Jeff Tyzik and the Pops: Memorable Songs and Great Songwriters

In addition to the opening-night concert of the RPO’s 90th season with Chris Botti, the 10-program Pops series commemorates two important anniversaries in the history of popular music: the 45th anniversary of the Beatles’ Sgt. Pepper’s Lonely Hearts Club Band album and the 50th anniversary of the James Bond film franchise, whose theme songs have become some of our culture’s most beloved music. Just for the RPO, Beatles tribute band the Classical Mystery Tour has created an all-new concert experience that they will perform with Principal Pops Conductor Jeff Tyzik and the RPO on April 26 and 27, with the music from an album that defined a decade and is for many the artistic high-water mark of the Fab Four. Guest Carl Davis and vocalist Mary Carewe present classic songs from throughout the Bond series, from Dr. No to Quantum of Solace, on February 15 and 16.

Tyzik and the RPO remember Harold Arlen, the American songwriting great best known for “Over the Rainbow,” on November 2 and 3; Steve Lippia joins Tyzik on January 11 and 12 to commemorate Frank Sinatra; the RPO performs Sondheim and Bernstein on Broadway on April 12 and 13; and on May 24 and 25, Tony DeSare will be a part of Tyzik’s tribute to Stan Kenton to close out the Pops season on May 24 and 25.

Tyzik’s work as a composer is also on display in the 2012-2013 season. On February 1 and 2, as part of the Pops series, the Rochester City Ballet dances to Tyzik’s New York Cityscapes, with the composer on the podium. A new work by Tyzik will also be part of a concert that also includes music by Bernstein and Copland, part of the Philharmonics series, on November 8 and 10. 

OrKIDStra and Michael Butterman: Fantastic Stories and Amazing Musical Feats

Principal Conductor for Education and Outreach Michael Butterman (The Henry and Louise Epstein Family Chair) continues the OrKIDStra series with four exciting concerts for our youngest audiences and their families. Kicking off the season is Behold the Bold Umbrellaphant (October 14, 2012), based on the poems of US Poet Laureate Jack Prelutsky. Children and their families will meet the Clocktapus and Hatchickens, Trumpetoos and Tubaboons, Ballpoint Penguins and Tearful Zipperpotamuses in this entertaining work composed by Lucas Richman.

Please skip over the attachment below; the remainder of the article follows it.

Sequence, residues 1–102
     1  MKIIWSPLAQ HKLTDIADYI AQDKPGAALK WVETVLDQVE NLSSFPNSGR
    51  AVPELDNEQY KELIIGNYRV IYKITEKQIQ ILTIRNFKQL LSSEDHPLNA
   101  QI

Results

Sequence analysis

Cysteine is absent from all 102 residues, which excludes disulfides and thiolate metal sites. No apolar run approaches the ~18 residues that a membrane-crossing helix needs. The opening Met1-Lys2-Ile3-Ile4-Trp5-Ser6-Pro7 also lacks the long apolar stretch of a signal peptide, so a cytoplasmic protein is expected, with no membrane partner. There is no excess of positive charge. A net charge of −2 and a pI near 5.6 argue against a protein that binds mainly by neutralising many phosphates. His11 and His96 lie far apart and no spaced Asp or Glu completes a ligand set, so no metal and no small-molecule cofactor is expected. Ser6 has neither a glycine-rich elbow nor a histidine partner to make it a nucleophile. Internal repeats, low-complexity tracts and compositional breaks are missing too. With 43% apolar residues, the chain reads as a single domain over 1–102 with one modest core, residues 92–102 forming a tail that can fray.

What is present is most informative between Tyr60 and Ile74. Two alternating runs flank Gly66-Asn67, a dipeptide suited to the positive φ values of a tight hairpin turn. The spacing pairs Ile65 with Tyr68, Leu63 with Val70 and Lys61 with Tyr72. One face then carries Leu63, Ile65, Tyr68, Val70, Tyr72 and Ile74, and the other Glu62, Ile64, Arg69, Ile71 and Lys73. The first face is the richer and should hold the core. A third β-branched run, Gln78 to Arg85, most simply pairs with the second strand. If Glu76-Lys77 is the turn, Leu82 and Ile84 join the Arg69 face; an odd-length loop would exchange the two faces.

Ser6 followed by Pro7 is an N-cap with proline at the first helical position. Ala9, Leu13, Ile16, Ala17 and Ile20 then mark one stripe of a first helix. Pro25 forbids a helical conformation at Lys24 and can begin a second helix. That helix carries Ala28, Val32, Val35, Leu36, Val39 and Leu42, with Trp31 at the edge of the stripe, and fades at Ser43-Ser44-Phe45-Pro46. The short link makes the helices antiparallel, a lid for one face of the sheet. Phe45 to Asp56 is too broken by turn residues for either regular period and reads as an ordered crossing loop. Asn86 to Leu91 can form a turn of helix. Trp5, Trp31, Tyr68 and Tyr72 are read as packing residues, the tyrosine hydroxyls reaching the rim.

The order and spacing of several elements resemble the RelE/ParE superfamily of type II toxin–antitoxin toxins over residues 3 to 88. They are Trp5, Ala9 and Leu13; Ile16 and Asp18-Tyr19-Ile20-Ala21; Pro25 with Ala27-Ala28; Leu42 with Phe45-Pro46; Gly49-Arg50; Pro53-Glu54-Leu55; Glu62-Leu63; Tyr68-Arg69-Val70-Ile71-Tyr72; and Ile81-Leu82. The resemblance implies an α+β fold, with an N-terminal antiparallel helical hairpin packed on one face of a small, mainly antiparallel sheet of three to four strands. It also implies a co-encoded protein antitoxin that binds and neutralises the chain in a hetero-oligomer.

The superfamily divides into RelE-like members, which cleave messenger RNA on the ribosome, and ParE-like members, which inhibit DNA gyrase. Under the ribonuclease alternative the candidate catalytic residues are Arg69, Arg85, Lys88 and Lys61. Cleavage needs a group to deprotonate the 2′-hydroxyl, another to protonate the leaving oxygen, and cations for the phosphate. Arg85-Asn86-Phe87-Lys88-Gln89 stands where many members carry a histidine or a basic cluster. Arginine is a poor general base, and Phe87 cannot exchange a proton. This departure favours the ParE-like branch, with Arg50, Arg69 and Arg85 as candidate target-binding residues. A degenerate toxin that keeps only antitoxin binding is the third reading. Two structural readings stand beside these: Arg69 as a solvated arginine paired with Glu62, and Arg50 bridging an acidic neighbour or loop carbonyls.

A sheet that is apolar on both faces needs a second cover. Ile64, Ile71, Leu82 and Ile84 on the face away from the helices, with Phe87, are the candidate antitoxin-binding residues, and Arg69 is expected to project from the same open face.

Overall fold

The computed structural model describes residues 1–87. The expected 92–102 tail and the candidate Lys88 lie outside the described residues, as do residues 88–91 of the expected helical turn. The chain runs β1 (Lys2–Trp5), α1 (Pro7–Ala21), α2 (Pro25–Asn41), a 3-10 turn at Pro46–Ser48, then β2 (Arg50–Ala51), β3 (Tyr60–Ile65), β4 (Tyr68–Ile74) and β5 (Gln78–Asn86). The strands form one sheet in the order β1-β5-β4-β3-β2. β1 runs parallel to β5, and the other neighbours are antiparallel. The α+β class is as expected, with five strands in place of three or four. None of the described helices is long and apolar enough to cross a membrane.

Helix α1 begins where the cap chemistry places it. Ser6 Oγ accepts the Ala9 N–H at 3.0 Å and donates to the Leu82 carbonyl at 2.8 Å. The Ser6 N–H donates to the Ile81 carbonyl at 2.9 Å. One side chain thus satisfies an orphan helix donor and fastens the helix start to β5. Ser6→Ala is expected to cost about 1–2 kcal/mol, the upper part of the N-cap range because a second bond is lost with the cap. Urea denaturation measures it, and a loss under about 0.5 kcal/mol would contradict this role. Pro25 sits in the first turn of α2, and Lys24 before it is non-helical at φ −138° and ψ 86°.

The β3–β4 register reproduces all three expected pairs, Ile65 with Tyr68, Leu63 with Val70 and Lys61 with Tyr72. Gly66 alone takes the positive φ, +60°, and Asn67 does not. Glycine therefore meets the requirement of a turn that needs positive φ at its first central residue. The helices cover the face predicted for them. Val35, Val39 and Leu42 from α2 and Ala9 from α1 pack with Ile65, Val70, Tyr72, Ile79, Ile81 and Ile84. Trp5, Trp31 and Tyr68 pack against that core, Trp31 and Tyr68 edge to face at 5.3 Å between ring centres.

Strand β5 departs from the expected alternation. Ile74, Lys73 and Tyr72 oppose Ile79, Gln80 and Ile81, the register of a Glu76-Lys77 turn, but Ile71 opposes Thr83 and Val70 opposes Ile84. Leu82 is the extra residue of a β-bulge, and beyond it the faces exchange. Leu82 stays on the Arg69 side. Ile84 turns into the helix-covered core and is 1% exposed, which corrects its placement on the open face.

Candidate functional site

Beatboxer Shodekeh, with his amazing array of vocal rhythmic sounds, joins the RPO on February 2, 2013, with percussion students from Rochester’s Hochstein School of Music. The OrKIDStra season ends with two musical re-tellings of charming children’s books: John Lithgow’s spellbinding children’s book, The Remarkable Farkle McBride, in which a fickle yet lovable child prodigy brings the sounds and rhythms of an orchestra to sprawling visual life (April 14, 2013), and Eudora Welty’s The Shoe Bird, with music written by former RPO conductor Samuel Jones (May 19, 2013). 

RPO Sunday Matinees with Arild

RPO Sunday Matinees with Arild is a new Sunday-afternoon series of passionate performances and engaging discussion at the Performance Hall at Hochstein. The series begins on October 21 with Composers of Norway, an exploration with Arild Remmereit of music from his birth country, including Grieg’s Piano Concerto, featuring pianist Jon Nakamatsu. Italy is the focus of the March 3 Sunday Matinee, a musical journey from the instrumental music of Giovanni Gabrieli to the colorful orchestrations of Ottorino Respighi’s La boutique fantasque.

RPO Sunday Matinees with Arild also includes three events featuring music from the Viennese Classicists Mozart, Beethoven, and Haydn. On January 27, Arild and the RPO celebrate Wolfgang Amadeus Mozart’s birthday with music from three generations of the Mozart family, explore the early sketches of the “Eroica” Symphony to show how Beethoven forged a new path for the symphony on April 21; and delves into Haydn’s “Surprise” Symphony on May 12.